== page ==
When you reach number twenty four in a series, have read them all and are eager for the next, then you are addicted. You can include yourself alongside the group of people who devour Mills & Boon books. You need a fix at regular intervals. Admittedly there are differences between these two groups of readership and crossover is very unlikely. This said, there will be readers who will read Dead Ice uncritically. Those who haven’t read anything by Laurell K. Hamilton should avoid this book and start with the first volume in the series, Guilty Pleasures. However, you need to be aware that these books are explicitly erotic and contain vampires.
This series revolves around the adventures of Anita Blake who is described as a Vampire Hunter. She has evolved very much from the woman whose job it was to execute rogue vampires. This is a world where the undead have been given citizen status. This is not the only series where this is the case, but Hamilton was among the first use the convenience for plot development. Anita herself is a necromancer. She is able to raise zombies. She also has a complex social life. Not only is she engaged to Jean-Claude, the king of the vampires in America but she shares her bed with a number of were-animals, mostly Micah and Nathanial, but she is not exclusive. Neither are her bedmates.
The true plot of this story concerns necromancy. Anita is called in by the FBI to view some videos which have zombies as sex slaves. The unpleasant thing about them is that it looks as if the animator has but the soul back into the dead body as the zombies look terrified. They should be unable to show any emotion. Anita has only ever known one person who could do that, and she know that they are dead. So someone has to have discovered the secret. Anita also has a problem with a zombie of her own. Raised for an historical society to question ab out life two hundred years previously, it is far too life-like.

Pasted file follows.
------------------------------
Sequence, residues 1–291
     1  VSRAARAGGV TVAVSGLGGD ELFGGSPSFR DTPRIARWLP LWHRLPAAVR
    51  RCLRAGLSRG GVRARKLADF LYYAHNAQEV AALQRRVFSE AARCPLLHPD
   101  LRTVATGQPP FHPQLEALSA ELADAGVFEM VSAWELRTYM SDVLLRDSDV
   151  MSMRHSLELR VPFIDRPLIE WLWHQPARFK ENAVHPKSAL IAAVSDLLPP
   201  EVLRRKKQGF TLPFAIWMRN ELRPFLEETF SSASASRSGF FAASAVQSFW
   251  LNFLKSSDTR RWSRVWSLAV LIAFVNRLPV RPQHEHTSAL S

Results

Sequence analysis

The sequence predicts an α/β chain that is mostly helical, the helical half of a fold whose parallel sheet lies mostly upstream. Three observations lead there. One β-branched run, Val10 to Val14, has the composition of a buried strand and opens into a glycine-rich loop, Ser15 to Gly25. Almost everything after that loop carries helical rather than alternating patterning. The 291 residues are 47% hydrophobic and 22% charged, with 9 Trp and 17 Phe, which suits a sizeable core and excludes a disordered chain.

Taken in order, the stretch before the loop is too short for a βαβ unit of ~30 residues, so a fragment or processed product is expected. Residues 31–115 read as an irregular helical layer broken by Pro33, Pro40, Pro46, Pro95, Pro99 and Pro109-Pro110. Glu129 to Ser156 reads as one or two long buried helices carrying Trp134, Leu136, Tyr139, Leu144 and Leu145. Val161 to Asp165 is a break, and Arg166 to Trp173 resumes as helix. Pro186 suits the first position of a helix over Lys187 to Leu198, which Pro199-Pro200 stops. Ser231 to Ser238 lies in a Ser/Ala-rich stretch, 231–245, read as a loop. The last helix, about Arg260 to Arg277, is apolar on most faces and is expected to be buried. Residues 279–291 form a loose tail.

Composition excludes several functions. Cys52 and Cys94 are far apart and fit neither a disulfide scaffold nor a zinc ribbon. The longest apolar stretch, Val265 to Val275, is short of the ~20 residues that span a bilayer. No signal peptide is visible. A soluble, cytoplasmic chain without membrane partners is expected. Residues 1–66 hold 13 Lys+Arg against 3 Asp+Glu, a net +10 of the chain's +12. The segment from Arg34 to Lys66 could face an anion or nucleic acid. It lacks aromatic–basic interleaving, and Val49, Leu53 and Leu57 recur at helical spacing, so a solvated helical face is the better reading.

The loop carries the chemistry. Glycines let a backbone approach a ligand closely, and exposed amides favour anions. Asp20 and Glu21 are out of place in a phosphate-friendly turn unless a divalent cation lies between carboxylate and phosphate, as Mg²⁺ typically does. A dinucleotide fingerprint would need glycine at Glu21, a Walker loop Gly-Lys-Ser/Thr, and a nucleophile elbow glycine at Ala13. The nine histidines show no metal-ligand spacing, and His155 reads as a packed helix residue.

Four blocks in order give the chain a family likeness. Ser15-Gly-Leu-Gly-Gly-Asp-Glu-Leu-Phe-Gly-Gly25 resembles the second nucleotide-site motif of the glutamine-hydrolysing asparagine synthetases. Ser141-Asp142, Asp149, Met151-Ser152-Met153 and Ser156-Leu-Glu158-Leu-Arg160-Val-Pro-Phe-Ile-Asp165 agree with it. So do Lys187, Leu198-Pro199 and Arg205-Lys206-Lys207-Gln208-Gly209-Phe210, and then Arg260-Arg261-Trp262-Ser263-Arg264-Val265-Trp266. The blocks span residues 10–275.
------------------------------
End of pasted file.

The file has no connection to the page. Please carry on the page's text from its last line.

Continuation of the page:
This, the proper plot of the book takes up only about a third of this volume. The focus for kit is taken away by Anita’s domestic arrangements and the issues surrounding the men in her life. There is only one explicit sex scene – for which some readers will buy this book – but there is also a lot of standing around debating. At one point she spends thirty pages standing naked and telling another character why his plans won’t work. It isn’t the only passage like this. There are also places, especially near the start of the book, where information is repeated. This indicates a lack of oversight by an editor, in fact this could be a much stronger novel if some passages were edited down to improve the sharpness of dialogue. This is a case of an established author not planning the book carefully enough to give maximum enjoyment to the maximum people. Like the Harry Potter series, volumes have got longer as the series progresses to the detriment of what is an otherwise good story.
Hamilton’s followers will enjoy this regardless because they will be familiar with the plethora of characters from previous volumes, a newcomer will flounder.